Recommended reading on Forest Gardening and Permaculture in practice:

Martin Crawford’s Creating a Forest Garden

Sepp Holzer’s Permaculture

A Bigger Splash – story of a swimming pond for a garden designer

After a number of requests from readers, I have relented and am keeping a blog of the construction of a swimming pond in our garden. From now on I am a client…

Sowing the seeds

We have been in the house six and a half years now. Two garden designers, two opinions, no progress. Well, not quite true. We had taken a lot of things out – conifers overgrown from the original intention twenty years ago, like cuckoos that never flew away. Delightful echoes of the past such as Choisya ternata aurea, Ribes sanguineum rosea and Potentilla fruticosa. Finally a plan starts to gel between us. It starts with a big curved border beneath the Mulberry tree. Then comes the notion of a forest garden on permaculture principles at the bottom of the garden. The fall on the lawn annoys me though, and gradually, the idea of a much larger pond between the lawn and the woodland starts to take shape in our minds. After a lot of wild sketching, we have the skeleton of a plan – a 14m by 4m swimming pond. And then unexpectedly, events intervene.  A team of Bowles & Wyer’s becomes free for a few weeks. I grab them!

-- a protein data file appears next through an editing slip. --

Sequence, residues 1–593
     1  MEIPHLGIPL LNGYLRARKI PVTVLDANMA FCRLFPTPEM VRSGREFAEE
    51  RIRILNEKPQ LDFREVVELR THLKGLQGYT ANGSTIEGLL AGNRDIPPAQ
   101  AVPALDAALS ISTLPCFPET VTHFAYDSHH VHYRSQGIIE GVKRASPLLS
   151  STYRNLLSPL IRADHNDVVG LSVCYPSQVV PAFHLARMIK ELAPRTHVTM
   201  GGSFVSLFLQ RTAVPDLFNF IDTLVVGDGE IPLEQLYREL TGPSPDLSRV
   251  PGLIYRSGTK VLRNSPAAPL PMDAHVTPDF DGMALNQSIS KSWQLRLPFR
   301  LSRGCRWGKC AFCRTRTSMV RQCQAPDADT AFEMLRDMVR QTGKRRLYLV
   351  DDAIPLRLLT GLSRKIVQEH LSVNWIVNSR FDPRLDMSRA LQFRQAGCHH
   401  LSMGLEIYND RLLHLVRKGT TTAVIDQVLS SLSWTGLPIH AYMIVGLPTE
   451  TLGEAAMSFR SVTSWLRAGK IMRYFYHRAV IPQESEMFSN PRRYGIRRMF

Germination.

With Glen Brown, our hard landscape supervisor, I pore over drawings in the office. We discuss many different ways to build it – should we use concrete blocks, in-situ cast, polystyrene formers or timber walls? Lots of lengthy conversations and long email exchanges with David Nettleton of Clear Water Revival ensue. Eventually we go for perched concrete foundations and re-inforced hollow block walls for the main pool walls and new oak sleepers for the secondary walls. Will we be able to lose all the spoil on site? (actually that remains to be seen). Will the levels work out? (that also remains to be seen) How much concrete will we need? Can we get a digger in? All the usual designer/contractor questions. Except this time it is complicated by the fact that I am Designer, contractor and client.

“How Much?!” I find myself exclaiming; “Out of the question”. A myriad of decisions that have to be taken balancing method, size, layout, materials and of course a mass of technical details. One novel feature is that we only have to do technical drawings – no visuals or coloured presentation plans to convince a client!

The calm before the storm...

Finally, a date is set for starting on site, even though we have not yet bottomed out all the costs or details. Not exactly seat of the pants, but not quite comfortable either. On a frosty Friday in early February, the team arrive. First day is just preparation – hand clearance, draining the existing pond, making sure the route for the excavator is clear.